Cooperation between the two countries has been good. As a founding
member of the United Nations and before any other European Union
member state Ukraine recognised the Republic of Slovenia in December
1991. Slovenia and Ukraine's paths to independence were characterised
by similar efforts over their history. Both countries became sovereign
states towards the end of the 20th century.
Political dialogue between Slovenia and Ukraine strengthened in
1997. The most important state visits include the official visit of
Prime Minister Drnovsek to Ukraine (November 1998), the official visit
by the Ukrainian President, Mr Leonid Kuchma to Slovenia (March 1999),
the President of the Republic, Mr Milan Kucan, attended the 6th
Meeting of the Presidents of Central European States in Ukraine (May
The volume of trade between Slovenia and the countries of the
Commonwealth of Independent States makes Ukraine the second biggest
trade partner, with Russia in the first place. In 2001 trade between
the two countries reached the highest level in the past six years and
totalled USD 62.9 million, a 48.7% increase on 2000. Slovenia's
exports increased by 58.3% on 2000 thus totalling USD 48.2
million. Slovenia's surplus (USD 33.5 million) increased by 79.1% on
2000. Slovenia's exports to Ukraine came to 0.52% of its total exports
in 2001 whereas Slovenian imports from Ukraine represented 0.12% (USD
14.7 million) of its total imports in 2001.
Several Slovenian companies, primarily from the pharmaceutical and
food industries and telecommunications and tourism have representative
offices in Ukraine. Slovenian companies have also recently made
numerous small-scale investments, concentrated in western Ukraine.
The most important bilateral agreements signed by the two countries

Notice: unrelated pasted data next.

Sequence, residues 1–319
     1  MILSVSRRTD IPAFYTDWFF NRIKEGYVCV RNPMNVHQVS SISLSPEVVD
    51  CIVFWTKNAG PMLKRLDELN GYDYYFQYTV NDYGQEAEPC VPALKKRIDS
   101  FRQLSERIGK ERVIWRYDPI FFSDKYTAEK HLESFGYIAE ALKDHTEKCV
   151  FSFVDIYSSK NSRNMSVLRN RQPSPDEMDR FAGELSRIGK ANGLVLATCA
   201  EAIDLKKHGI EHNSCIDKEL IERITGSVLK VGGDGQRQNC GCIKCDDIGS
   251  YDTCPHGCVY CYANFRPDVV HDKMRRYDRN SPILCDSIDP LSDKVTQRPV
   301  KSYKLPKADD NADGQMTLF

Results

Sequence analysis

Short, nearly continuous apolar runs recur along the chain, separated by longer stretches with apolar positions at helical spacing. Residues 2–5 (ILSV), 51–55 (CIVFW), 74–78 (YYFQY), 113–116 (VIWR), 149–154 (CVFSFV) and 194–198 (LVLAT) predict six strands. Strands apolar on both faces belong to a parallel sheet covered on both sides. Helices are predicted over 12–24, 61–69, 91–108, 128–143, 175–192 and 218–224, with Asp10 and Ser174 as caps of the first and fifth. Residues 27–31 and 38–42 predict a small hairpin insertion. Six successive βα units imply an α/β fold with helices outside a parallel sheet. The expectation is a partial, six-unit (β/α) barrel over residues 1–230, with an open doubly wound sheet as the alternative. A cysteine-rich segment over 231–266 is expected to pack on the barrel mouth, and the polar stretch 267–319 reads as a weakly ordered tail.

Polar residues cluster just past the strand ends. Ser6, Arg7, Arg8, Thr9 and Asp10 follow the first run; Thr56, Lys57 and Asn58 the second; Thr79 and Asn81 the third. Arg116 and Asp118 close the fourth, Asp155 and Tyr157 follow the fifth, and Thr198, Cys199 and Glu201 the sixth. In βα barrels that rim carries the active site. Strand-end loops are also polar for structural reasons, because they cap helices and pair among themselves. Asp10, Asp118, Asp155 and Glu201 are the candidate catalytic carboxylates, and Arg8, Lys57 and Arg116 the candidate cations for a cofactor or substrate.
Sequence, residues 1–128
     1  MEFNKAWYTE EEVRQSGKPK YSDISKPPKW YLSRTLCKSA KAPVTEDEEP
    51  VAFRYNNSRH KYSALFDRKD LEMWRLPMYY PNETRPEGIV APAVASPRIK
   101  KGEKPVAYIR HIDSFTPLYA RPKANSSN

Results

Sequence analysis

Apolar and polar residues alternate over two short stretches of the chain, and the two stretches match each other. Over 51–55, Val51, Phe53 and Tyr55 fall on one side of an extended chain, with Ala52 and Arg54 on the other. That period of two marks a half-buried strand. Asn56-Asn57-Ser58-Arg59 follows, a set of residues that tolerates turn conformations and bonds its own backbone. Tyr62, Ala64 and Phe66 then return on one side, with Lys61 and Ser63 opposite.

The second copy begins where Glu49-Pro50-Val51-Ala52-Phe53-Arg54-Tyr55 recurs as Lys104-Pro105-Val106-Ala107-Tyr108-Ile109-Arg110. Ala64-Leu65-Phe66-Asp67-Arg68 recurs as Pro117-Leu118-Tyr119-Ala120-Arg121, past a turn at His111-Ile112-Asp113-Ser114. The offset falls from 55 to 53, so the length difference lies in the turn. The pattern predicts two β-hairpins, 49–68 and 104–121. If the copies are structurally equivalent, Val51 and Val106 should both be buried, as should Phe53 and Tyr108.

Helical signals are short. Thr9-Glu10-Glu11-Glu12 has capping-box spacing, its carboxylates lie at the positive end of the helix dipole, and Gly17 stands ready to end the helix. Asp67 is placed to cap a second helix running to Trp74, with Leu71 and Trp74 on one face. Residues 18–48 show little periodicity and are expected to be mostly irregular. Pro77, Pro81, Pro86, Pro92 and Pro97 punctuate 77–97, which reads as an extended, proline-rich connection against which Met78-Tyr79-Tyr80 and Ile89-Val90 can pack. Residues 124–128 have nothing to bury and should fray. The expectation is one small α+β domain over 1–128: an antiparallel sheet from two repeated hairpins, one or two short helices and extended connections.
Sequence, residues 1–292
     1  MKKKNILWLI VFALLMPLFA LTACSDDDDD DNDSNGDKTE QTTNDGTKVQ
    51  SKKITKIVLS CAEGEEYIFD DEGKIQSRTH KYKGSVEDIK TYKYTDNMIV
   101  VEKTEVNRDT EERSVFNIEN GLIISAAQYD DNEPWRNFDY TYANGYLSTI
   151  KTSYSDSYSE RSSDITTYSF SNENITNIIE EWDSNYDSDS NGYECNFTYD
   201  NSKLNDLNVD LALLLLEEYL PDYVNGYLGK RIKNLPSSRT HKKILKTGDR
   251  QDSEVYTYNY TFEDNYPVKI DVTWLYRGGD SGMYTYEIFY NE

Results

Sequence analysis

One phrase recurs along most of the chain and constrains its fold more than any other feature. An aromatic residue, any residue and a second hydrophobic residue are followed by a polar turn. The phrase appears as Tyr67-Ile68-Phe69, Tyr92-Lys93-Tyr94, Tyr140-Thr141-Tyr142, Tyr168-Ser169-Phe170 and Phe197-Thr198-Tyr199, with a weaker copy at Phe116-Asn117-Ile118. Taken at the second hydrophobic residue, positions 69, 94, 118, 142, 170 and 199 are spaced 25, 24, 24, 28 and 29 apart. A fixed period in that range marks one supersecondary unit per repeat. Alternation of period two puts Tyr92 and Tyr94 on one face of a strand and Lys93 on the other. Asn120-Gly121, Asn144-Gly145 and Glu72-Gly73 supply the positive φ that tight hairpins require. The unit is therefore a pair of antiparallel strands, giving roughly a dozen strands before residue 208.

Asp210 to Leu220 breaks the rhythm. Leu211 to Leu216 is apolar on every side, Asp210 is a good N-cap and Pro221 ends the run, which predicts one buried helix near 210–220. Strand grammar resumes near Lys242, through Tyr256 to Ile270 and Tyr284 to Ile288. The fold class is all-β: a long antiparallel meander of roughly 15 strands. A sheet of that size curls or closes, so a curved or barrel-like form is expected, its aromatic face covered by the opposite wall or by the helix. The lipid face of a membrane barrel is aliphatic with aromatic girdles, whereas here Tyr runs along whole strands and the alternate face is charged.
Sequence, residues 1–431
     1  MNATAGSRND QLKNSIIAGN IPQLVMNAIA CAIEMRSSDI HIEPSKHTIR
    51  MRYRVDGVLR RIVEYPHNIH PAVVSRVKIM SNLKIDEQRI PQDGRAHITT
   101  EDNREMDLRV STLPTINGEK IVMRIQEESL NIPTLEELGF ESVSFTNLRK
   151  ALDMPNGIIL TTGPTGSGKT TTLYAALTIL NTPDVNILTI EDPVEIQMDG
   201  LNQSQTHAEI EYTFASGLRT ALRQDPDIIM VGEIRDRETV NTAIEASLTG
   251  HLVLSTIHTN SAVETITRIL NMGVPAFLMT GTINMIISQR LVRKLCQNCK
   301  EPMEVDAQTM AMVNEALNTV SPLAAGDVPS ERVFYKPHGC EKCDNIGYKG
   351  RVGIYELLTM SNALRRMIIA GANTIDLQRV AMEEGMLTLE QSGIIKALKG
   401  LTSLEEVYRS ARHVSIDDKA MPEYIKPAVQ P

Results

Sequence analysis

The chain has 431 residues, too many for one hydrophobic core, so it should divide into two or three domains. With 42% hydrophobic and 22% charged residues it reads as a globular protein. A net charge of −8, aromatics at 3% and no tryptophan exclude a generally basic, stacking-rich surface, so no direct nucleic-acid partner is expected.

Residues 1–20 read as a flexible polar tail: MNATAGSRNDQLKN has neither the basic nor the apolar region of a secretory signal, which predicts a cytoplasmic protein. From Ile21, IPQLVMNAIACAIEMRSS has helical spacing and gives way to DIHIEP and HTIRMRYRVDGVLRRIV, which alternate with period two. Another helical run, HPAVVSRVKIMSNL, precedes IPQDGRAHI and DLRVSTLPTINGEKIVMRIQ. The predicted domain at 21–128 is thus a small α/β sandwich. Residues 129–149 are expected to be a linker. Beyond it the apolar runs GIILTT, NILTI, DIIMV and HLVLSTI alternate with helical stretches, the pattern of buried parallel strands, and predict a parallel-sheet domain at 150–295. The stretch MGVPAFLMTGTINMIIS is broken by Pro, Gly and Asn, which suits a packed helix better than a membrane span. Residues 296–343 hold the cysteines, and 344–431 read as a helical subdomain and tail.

include: the agreements on cooperation in trade and economy, and in
culture, education and science; the agreement on reciprocal promotion
and protection of investments; agreements on air transport and
international road transport. A major agreement now in preparation is
the agreement for the avoidance of double taxation and the prevention
of fiscal evasion with respect to taxes on income and on capital.
European integration provides an important framework for further
strengthening of bilateral cooperation. Slovenia considers closer
relations between Slovenia, other EU candidate countries and Ukraine
as a natural partnership that is beneficial to all European countries.
Although Slovenia and Ukraine are not progressing towards EU
membership at the same pace, their cooperation in this field could be
fruitful and successful. Slovenia is prepared to share its experience
and contribute to a comprehensive promotion of a dialogue between the
EU and Ukraine.
Slovenia welcomes Ukrainian efforts to join other Euro-Atlantic
organisations, stabilise the region and establish itself in the new
European security architecture.
Many possibilities for successful development of bilateral
cooperation in various areas (defence, internal affairs, science and
technology, agriculture, etc) remain unexploited, therefore Slovenia
hopes to develop this potential in future bilateral relations.
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